Great leaders have great ideas; they set out those ideas in great speeches and those speeches have a great impact that produces great change.
Martin Luther King had a dream, Harold Macmillan, saw the wind of change and Emmeline Pankhurst wanted freedom or death!
These were all great leaders who made great speeches in the 20th century that produced great change, most of which is it still ongoing.
The world is no less in need of great leaders now than in 1913 when Emmeline Pankhurst made her stirring speech in which she described herself as a soldier. ‘I am here as a soldier who has temporarily left the field of battle in order to explain – it seems strange it should have to be explained – what civil war is like when civil war is waged by women.’
The speech is every bit as revolutionary as the suffragette movement and it leaves the listener (and the reader today) in no doubt as to the commitment of the suffragettes and Emmeline Pankhurst to their cause, which is that, ‘We women, in trying to make our case clear, always have to make as part of our argument, and urge upon men in our audience the fact – a very simple fact – that women are human beings.’
There are many leaders hitting the headlines at the moment, as it is conference season, but I wonder, where is the conviction and revolutionary message?
Peter Oborne in the same week that he exposed Tony Blair in Channel 4’s dispatches as a leader with questionable judgement, interpreted Ed Miliband’s much maligned speech as a redefinition of British politics. While Peter’s analysis of the times is unerringly accurate: ‘The history of Britain since the Second World War can be divided into two long phases, each lasting several decades,‘ his conclusion that Ed Milliband or the Labour Party are capable of executing this much needed redefinition is questionable at best but more probably, highly unlikely.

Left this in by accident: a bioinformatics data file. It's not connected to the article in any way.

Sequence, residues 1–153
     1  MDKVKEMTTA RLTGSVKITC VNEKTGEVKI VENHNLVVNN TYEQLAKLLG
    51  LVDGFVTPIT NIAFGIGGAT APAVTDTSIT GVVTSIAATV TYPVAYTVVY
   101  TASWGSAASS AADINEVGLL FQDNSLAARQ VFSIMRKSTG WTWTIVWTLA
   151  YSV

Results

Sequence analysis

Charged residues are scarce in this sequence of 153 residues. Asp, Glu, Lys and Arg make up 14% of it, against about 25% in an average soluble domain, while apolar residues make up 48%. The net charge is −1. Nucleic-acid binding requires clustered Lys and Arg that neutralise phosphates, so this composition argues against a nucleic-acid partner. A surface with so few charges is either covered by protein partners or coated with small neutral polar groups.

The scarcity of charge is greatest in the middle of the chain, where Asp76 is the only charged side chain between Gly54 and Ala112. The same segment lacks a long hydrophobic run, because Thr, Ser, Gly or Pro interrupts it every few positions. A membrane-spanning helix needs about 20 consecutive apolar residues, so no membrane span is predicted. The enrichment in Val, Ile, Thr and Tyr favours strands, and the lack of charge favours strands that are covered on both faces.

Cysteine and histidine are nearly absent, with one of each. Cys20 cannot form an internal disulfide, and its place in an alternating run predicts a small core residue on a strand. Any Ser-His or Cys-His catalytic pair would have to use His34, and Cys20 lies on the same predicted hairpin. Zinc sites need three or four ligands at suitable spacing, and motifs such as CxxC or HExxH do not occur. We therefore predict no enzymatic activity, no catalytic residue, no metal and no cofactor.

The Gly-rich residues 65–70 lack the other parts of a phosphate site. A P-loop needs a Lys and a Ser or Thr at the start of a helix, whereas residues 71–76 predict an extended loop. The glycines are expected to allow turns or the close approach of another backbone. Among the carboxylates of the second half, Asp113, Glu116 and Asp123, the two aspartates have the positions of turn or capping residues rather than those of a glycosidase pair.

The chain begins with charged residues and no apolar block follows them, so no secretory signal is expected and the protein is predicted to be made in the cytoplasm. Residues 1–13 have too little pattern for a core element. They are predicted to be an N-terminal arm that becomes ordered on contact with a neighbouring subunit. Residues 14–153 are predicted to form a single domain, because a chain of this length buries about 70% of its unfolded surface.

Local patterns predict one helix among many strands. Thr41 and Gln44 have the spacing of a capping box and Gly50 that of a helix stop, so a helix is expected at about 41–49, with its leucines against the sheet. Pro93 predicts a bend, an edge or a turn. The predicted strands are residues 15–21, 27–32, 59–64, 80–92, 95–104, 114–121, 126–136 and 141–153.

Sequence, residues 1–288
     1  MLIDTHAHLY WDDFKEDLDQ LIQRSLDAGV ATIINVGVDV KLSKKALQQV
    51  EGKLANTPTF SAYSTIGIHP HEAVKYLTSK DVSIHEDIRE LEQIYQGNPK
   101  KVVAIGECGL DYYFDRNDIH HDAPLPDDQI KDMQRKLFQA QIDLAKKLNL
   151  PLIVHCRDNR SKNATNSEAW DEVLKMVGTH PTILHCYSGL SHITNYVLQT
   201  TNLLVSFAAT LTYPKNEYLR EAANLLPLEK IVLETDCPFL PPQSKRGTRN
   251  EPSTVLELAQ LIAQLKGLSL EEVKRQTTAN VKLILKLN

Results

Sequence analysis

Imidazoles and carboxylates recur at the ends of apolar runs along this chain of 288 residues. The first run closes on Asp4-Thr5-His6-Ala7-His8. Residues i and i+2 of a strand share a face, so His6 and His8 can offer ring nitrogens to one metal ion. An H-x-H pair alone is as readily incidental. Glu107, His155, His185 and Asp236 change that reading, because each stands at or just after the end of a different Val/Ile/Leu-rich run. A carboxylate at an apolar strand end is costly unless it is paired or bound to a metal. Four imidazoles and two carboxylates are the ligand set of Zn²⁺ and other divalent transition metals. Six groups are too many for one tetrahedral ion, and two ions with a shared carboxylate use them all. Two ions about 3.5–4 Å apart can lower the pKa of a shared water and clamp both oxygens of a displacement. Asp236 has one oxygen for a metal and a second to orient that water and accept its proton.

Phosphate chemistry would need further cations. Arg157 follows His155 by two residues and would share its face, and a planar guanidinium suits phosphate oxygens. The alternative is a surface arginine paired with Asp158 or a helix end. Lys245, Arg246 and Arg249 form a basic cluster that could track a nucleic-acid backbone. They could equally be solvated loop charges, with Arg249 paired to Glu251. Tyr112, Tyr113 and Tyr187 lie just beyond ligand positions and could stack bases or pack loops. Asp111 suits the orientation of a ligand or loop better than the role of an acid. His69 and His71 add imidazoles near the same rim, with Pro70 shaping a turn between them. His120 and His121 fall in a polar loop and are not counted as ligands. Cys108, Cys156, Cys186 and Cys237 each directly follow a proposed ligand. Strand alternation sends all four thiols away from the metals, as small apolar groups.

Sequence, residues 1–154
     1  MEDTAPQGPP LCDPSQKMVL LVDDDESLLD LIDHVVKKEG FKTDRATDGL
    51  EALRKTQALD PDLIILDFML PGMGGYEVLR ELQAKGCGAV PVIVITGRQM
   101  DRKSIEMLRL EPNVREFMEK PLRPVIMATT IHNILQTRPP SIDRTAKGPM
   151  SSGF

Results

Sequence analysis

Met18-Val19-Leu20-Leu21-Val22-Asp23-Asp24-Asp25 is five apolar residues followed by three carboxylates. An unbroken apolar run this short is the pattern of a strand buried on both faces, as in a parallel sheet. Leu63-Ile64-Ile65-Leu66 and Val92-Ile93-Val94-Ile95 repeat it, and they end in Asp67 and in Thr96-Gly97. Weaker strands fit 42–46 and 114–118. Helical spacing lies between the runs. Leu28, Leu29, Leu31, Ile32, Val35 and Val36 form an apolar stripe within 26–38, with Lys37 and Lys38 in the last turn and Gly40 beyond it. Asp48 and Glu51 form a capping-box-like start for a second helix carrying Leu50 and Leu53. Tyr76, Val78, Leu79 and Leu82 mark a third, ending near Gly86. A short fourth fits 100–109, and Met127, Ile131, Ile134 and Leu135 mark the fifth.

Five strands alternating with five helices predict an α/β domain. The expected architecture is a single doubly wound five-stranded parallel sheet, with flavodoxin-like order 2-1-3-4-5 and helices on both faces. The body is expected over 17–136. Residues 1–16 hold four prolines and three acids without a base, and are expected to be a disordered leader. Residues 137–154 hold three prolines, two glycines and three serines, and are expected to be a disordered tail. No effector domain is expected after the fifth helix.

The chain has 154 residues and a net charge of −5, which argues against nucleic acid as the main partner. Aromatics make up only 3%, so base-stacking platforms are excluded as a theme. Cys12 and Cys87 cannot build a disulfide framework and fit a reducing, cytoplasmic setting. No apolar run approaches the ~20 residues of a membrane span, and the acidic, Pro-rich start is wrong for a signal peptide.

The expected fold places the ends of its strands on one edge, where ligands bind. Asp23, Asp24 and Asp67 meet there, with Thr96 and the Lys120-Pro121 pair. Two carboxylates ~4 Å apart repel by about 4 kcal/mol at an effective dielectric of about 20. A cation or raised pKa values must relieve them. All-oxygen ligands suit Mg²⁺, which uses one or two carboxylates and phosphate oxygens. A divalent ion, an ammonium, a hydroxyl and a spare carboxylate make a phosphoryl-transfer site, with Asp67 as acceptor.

Not only does Ed Milliband lack the conviction of the leaders quoted above and those quoted by Oborne in his piece, namely Attlee and Thatcher, the Labour party as a whole has lost its place as the party of militancy, conviction and the pioneers of revolution.
Tony Blair, in erasing clause 4 and turning the Labour party into ‘wanna be Tories’, which Tony Blair himself always was, deprived them of the one thing they had going for them as people with conviction and a cause they believed in and could make other people believe in too.
I think Ed Miliband’s speech was received so poorly because people can sense the lack of conviction behind it. This lack of conviction is because he refuses to acknowledge his commitment to the leftist values of the unions, because he thinks it’s politically incorrect, but still needs to find a way to get the message across, so when he refers to ferral business men without the context of socialism, it sounds insincere and lacks conviction.
Similarly, both the coalition leaders have a problem because they both have things they can’t admit to and so have become defensive in this 24-hour media savvy society. The reality is that the public are much more astute than they are given credit for and no amount of spin or polish can hide a lack of conviction.
One thing all the aforementioned leaders had in spades was conviction, determination and belief in the cause to which they were committed, without it, no one would remember who they are.
Who can disagree with Nelson Mandela‘s conviction when he says, ‘During my lifetime I have dedicated myself to this struggle of the African people. I have fought against white domination, and I have fought against black domination. I have cherished the ideal of a democratic and free society in which all persons live together in harmony and with equal opportunities. It is an ideal which I hope to live for and to achieve. But if needs be, it is an ideal for which I am prepared to die.’